Let me say it loud and clear: I love potatoes! A lot of people seem to love this white vegetable more than any other white food or vegetable on the market. I enjoy making real potatoes, but unfortunately time for this college student/freelance writer can get too tight to spend washing, peeling, cutting, boiling, and mashing real potatoes. There are many instant potato products on the market, but I enjoy one that actually tastes like potatoes: Betty Crocker’s Potato Buds Mashed Potatoes.
The Betty Crocker Potato Buds box I am looking at right now states that the product really is “100% real potatoes.” Oh really? Let me check the ingredient list….hmm….”potatoes, mono and diglycerides (to improve texture), freshness protected by sodium bisulfate and BHT.” Wow-these really are “real” potatoes! I have tried a number of instant potato products, both dry and frozen, but they all taste like processed cardboard-and the multi-syllabic ingredients from which they are primarily made. But Betty Crocker Potato Buds Mashed Potatoes are the richest and closest thing I have come to eating actual potatoes I have to scrub, peel, dice, and slice.
I like Betty Crocker products. They allow me to make a meal that tastes like something I would have been able to produce if I actually spent double (or more) the time preparing it. And I know that I am not sacrificing quality or wholesomeness in my attempt to save time. Betty Crocker Potato Buds Mashed Potatoes do not require much else outside the contents in the box to make this product. Water, milk, margarine or butter, and salt are all that is needed to make the potatoes. And it requires a very simple boil-and-mix preparation. I do prefer real butter in my recipe, but I do not use any salt (I care about reducing the fat, too, but sometimes nothing beats real butter). Yet, even without the salt, I swear these potatoes still taste wonderfully rich and flavorful.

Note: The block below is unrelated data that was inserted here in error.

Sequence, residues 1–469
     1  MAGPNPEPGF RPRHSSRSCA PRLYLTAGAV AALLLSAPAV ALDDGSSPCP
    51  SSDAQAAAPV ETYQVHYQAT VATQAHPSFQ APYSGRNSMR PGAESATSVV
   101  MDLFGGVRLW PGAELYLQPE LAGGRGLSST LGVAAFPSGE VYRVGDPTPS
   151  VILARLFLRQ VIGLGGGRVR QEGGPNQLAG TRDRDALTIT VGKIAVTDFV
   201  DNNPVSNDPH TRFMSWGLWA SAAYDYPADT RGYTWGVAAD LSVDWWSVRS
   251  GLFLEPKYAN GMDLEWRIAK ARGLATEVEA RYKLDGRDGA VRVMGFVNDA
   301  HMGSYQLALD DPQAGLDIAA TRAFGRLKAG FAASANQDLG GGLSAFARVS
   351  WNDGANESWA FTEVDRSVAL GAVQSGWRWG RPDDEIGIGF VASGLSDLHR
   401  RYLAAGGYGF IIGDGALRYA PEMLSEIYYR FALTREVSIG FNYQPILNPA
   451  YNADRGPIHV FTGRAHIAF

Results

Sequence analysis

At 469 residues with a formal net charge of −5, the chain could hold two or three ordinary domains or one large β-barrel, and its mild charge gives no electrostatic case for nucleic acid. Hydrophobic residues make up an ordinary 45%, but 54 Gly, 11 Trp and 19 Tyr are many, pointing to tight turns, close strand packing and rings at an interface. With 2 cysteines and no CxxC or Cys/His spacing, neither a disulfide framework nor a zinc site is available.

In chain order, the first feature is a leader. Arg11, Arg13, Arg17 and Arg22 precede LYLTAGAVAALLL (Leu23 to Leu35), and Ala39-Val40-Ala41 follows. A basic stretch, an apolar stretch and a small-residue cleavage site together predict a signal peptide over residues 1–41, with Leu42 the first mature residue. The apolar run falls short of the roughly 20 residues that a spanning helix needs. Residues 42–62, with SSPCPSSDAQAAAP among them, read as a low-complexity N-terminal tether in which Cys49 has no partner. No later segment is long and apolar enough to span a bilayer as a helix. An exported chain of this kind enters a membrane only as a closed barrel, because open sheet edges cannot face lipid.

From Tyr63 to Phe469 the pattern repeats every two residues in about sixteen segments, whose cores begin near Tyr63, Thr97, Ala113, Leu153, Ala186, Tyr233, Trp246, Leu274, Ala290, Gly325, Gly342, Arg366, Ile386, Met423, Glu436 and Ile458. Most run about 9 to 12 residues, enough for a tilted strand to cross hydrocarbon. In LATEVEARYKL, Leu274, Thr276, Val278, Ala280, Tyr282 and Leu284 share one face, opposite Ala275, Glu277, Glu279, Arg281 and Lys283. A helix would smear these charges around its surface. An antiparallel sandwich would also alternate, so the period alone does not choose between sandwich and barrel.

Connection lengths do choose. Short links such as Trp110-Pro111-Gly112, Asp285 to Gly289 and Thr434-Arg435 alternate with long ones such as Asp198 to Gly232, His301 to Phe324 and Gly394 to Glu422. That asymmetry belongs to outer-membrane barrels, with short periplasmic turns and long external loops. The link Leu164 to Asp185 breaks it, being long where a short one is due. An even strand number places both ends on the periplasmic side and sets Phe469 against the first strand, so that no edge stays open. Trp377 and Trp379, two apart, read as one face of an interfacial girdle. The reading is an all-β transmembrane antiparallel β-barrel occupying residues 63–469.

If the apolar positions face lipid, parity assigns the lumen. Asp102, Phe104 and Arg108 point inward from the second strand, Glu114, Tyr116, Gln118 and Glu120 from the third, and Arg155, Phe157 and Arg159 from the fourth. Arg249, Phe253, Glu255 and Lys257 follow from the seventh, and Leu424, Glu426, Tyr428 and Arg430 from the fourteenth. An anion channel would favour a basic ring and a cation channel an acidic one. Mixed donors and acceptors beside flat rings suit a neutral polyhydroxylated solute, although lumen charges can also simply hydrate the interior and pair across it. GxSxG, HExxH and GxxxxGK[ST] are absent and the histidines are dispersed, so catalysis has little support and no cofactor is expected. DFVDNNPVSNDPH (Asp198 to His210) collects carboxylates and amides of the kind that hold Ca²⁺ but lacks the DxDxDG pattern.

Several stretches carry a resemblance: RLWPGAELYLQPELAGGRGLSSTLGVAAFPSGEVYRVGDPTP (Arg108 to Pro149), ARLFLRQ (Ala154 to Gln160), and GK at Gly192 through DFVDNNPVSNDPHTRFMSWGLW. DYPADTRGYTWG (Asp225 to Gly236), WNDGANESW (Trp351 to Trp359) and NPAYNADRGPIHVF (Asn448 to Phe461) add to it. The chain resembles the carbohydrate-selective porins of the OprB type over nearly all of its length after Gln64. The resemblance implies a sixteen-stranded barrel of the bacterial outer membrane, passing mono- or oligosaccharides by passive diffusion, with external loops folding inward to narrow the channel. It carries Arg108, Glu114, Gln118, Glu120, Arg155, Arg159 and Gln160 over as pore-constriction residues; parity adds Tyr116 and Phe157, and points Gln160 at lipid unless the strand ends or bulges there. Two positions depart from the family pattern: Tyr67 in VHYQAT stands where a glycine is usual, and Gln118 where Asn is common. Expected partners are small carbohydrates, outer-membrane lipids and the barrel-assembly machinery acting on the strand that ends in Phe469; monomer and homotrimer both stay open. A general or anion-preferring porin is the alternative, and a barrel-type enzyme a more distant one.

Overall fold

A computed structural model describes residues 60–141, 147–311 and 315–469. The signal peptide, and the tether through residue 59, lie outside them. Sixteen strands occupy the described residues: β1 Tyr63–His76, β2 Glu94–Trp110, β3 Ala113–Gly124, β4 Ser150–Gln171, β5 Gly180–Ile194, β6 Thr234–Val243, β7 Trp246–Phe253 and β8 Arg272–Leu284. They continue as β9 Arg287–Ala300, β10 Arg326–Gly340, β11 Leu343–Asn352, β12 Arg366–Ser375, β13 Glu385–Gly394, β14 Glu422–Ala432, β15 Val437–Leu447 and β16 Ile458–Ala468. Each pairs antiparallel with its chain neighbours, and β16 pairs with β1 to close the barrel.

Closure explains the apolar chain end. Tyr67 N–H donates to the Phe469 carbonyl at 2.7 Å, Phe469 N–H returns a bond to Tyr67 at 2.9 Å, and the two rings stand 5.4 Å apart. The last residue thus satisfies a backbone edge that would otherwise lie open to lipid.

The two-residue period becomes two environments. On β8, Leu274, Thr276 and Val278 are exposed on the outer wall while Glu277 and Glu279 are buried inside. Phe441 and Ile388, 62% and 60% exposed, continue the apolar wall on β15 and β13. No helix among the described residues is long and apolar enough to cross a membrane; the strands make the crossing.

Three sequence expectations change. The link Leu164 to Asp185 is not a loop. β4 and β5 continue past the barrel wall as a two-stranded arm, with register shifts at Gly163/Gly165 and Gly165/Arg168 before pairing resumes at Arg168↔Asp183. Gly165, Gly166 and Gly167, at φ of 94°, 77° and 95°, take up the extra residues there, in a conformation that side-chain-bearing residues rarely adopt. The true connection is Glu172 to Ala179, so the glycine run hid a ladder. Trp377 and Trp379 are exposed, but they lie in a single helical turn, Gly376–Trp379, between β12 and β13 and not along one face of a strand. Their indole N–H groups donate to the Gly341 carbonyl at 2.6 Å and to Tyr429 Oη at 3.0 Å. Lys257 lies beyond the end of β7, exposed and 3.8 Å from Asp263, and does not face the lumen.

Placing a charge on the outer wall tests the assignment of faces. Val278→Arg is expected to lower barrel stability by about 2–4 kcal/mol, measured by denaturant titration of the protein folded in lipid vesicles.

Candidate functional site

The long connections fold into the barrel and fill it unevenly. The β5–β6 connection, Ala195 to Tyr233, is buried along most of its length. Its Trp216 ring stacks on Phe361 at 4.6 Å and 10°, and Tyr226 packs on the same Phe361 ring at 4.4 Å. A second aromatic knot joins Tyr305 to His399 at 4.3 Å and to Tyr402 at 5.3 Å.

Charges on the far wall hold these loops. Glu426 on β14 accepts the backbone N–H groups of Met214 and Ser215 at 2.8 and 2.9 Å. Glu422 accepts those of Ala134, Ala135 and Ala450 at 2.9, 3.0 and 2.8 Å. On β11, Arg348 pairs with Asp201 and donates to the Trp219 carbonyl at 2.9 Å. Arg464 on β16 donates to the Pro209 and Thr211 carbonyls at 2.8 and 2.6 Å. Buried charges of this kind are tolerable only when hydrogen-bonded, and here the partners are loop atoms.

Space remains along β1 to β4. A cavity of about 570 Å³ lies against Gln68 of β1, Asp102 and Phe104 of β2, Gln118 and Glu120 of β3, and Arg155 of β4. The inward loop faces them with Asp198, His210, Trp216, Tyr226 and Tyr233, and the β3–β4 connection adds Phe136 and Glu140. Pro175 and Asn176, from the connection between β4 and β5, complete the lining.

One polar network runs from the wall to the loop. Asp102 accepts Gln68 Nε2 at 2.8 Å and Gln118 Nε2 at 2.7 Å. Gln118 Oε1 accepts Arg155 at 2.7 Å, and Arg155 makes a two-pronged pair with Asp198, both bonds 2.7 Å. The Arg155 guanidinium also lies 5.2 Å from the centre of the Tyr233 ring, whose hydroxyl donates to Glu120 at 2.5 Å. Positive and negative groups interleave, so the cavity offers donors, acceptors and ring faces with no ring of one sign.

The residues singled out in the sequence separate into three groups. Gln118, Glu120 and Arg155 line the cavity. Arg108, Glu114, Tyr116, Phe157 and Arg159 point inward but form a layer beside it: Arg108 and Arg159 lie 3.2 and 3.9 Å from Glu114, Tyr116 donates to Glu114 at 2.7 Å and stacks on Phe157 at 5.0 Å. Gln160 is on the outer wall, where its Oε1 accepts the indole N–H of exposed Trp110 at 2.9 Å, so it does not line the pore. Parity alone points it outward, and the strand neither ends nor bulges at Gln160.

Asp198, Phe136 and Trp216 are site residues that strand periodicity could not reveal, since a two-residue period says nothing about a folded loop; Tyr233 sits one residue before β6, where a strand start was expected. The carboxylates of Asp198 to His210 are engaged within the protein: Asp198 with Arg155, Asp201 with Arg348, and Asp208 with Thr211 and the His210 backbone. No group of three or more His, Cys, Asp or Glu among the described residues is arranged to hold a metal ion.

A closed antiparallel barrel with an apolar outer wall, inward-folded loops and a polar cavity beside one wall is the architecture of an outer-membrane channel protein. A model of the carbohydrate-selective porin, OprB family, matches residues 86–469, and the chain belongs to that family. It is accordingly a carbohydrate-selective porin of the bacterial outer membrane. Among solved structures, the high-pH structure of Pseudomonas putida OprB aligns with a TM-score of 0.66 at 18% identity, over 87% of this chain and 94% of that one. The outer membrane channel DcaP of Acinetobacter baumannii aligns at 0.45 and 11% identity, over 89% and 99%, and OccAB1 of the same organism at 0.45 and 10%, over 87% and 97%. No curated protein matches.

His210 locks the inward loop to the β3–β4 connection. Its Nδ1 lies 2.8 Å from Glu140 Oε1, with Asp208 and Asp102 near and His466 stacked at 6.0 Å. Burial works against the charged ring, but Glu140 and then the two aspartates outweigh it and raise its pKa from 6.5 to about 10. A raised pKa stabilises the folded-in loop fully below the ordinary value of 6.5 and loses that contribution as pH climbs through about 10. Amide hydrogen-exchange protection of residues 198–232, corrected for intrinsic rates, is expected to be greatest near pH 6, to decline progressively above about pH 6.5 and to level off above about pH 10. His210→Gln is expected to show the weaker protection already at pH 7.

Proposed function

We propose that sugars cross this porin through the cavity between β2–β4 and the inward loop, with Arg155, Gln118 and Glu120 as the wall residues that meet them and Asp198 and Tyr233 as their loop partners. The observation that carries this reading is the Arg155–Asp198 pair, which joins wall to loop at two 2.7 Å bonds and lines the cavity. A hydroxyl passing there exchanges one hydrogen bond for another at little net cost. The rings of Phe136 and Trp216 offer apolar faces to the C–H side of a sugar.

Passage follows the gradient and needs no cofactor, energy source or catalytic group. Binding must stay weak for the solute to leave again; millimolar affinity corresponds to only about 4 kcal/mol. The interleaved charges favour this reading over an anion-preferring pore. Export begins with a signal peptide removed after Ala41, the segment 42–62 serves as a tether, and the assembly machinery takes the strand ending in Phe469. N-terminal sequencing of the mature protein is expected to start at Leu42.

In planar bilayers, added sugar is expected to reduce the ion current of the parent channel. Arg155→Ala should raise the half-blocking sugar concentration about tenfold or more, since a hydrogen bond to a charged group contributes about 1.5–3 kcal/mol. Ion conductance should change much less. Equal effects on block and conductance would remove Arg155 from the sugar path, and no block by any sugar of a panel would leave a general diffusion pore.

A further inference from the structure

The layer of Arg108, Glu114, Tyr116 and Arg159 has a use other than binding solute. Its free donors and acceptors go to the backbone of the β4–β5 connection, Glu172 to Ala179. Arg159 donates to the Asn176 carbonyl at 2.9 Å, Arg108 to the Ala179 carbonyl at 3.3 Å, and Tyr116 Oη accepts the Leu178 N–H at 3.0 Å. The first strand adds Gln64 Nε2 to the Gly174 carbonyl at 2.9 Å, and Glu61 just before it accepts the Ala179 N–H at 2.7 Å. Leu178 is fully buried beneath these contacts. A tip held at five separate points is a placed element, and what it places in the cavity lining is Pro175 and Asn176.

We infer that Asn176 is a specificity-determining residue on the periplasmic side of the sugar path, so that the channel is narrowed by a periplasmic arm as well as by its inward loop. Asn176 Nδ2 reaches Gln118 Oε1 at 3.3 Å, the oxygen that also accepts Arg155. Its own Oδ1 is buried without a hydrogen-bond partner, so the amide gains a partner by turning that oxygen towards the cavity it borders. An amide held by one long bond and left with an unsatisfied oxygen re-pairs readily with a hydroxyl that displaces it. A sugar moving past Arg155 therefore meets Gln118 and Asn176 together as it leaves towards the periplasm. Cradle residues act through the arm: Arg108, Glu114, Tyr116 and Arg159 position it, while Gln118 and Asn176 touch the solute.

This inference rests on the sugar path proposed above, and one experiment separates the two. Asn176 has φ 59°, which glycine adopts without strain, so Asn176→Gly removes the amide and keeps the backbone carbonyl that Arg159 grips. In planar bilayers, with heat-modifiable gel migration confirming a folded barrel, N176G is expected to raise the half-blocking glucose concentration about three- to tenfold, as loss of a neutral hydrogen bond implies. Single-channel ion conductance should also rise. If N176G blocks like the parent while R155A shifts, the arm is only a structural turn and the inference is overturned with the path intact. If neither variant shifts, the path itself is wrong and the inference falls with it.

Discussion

The one thing you must watch for when making this recipe is to avoid letting the milk scald when boiling it with the water, butter or margarine, and salt in the pot. Constant stirring and keeping the heat to medium/medium-high can reduce your chances of scalding the milk. It is also important to mix the potato flakes well into the liquid because the flakes tend to lump together pretty quickly. A good stirring with a whisk or fork makes these potatoes fluff up quite nicely.
You are probably wondering what the food label on the Betty Crocker Potato Buds Mashed Potatoes looks like. Prepared, the potatoes come in at 160 calories per serving, of which there are about 17 per box. Prepared, these potatoes deliver 12% of one’s daily fat intake, 8% of the saturated fat recommendation, 19% sodium (with salt), 1% cholesterol, 6% total carbohydrates, and 1 gram of dietary fiber. The product itself has no trans fat (prepared would depend upon if the butter you use contains trans fat).
Betty Crocker Potato Buds Mashed Potatoes cost around $2.39 where my family and I shop (Publix Supermarket, a major Southeast U.S. grocer chain), but check your grocer for sales and specials. Whatever your local store charges, these potatoes are worth a try. After all, they not only offer expedience in the kitchen, they serve up a potato flavor which tastes amazingly close to the potatoes you have to labor over to prepare.